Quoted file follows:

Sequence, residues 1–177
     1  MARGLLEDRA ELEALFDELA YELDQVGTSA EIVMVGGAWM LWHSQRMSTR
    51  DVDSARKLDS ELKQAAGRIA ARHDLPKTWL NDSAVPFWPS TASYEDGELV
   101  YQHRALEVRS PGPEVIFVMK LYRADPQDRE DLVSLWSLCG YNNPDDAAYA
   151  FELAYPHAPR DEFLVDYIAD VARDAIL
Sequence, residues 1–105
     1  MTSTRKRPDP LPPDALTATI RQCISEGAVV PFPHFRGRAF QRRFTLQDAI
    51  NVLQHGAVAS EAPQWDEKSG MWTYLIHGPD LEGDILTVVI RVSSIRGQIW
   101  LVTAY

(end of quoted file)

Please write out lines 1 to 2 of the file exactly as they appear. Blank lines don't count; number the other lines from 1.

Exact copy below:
Sequence, residues 1–177
     1  MARGLLEDRA ELEALFDELA YELDQVGTSA EIVMVGGAWM LWHSQRMSTR